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Using the language Z for more than specification is hindered by the fact that its algebra of schemas is not monotonic with respect to refinement; so specification is modular, but development is not. In this paper we isolate the reasons why Z suffers from these problems and we describe alternative models for specifications and schema operations which are monotonic. This leads us to explore a number of theoretical and pragmatic questions: the former concern logics for modular refinement; the latter explore the use of novel schema calculi in practice. 1
Safe Modification of Pointer Programs in Refinement Calculus
"... Abstract. This paper discusses stepwise refinement of pointer programs in the framework of refinement calculus. We augment the underlying logic with formulas of separation logic and then introduce a pair of new predicate transformers, called separating assertion and separating assumption. The new ..."
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Abstract. This paper discusses stepwise refinement of pointer programs in the framework of refinement calculus. We augment the underlying logic with formulas of separation logic and then introduce a pair of new predicate transformers, called separating assertion and separating assumption. The new predicate transformers are derived from separating conjunction and separating implication, which are fundamental logical connectives in separation logic. They represent primitive forms of heap allocation/deallocation operators and the basic pointer statements can be specified by means of them. We derive several refinement laws that are useful for stepwise refinement and demonstrate the use of the laws in the context of correctness preserving transformations that are intended for improved memory usage. The formal development is carried out in the framework of higherorder logic and is based on Back and Preoteasa’s axiomatization of state space and its extension to the heap storage [BP05, Pre06]. All the results have been implemented and verified in the theorem prover PVS. 1
robert,kjx¡
, 2002
"... The ultimate goal of all computer science is the program. The performance of programs was once the noblest function of computer science, and computer science was indispensable to great programs. Today, programming and computer science exist in complacent isolation, and can only be rescued by the con ..."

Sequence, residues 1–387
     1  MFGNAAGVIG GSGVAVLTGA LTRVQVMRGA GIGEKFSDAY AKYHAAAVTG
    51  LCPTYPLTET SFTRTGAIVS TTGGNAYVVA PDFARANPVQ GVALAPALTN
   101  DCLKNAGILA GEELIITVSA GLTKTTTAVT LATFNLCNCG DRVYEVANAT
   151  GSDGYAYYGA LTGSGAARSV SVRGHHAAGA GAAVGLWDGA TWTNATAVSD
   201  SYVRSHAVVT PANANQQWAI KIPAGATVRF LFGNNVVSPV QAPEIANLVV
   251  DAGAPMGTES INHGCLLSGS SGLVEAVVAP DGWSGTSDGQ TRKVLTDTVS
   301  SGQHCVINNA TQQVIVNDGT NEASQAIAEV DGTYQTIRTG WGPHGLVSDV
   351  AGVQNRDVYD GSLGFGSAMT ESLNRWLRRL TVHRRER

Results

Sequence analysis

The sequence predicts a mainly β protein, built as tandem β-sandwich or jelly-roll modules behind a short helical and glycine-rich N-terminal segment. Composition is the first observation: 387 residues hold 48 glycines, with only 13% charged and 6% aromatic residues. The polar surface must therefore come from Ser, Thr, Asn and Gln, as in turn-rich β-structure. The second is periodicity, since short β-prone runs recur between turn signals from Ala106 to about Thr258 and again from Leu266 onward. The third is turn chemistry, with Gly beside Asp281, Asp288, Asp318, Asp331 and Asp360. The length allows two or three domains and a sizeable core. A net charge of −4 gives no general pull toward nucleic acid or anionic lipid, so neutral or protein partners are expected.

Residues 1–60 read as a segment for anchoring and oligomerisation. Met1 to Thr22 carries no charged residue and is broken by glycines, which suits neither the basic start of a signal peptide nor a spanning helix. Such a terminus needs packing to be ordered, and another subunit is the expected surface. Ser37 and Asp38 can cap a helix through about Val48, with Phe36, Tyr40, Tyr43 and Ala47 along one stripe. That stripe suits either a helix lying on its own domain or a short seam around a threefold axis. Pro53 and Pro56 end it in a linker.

Abstract
 Add to MetaCart
(Show Context)
The ultimate goal of all computer science is the program. The performance of programs was once the noblest function of computer science, and computer science was indispensable to great programs. Today, programming and computer science exist in complacent isolation, and can only be rescued by the conscious cooperation and collaboration of all programmers. The universities were unable to produce this unity; and how indeed, should they have done so, since creativity cannot be taught? Designers, programmers and engineers must once again come to know and comprehend the composite character of a program, both as an entity and in terms of its various parts. Then their work will be filled with that true software spirit which, as “theory of computing”, it has lost. Universities must return to programming. The worlds of the formal methods and algorithm analysis, consisting only of logic and mathematics, must become once again a world in which things are built. If the young person who rejoices in creative activity now begins his career as in the older days by learning to program, then the unproductive “scientist ” will no longer be condemned to inadequate science, for their skills will be preserved for the programming in which they can achieve great things. Designers, programmers, engineers, we must all return to programming! There is no essential difference between the computer scientist and the programmer. The computer scientist is an exalted programmer. By the grace of Heaven and in rare moments of inspiration which transcend the will, computer science may unconsciously blossom from the labour of the hand, but a base in programming is essential to every computer scientist. It is there that the original source of creativity lies. Let us therefore create a new guild of programmers without the classdistinctions that raise an arrogant barrier between programmers and computer scientists! Let us desire, conceive, and create the new program of the future together. It will combine design, userinterfaces, and programming in a single form, and will one day rise towards the heavens from the hands of a million workers as the crystalline symbol of a new and coming faith. 1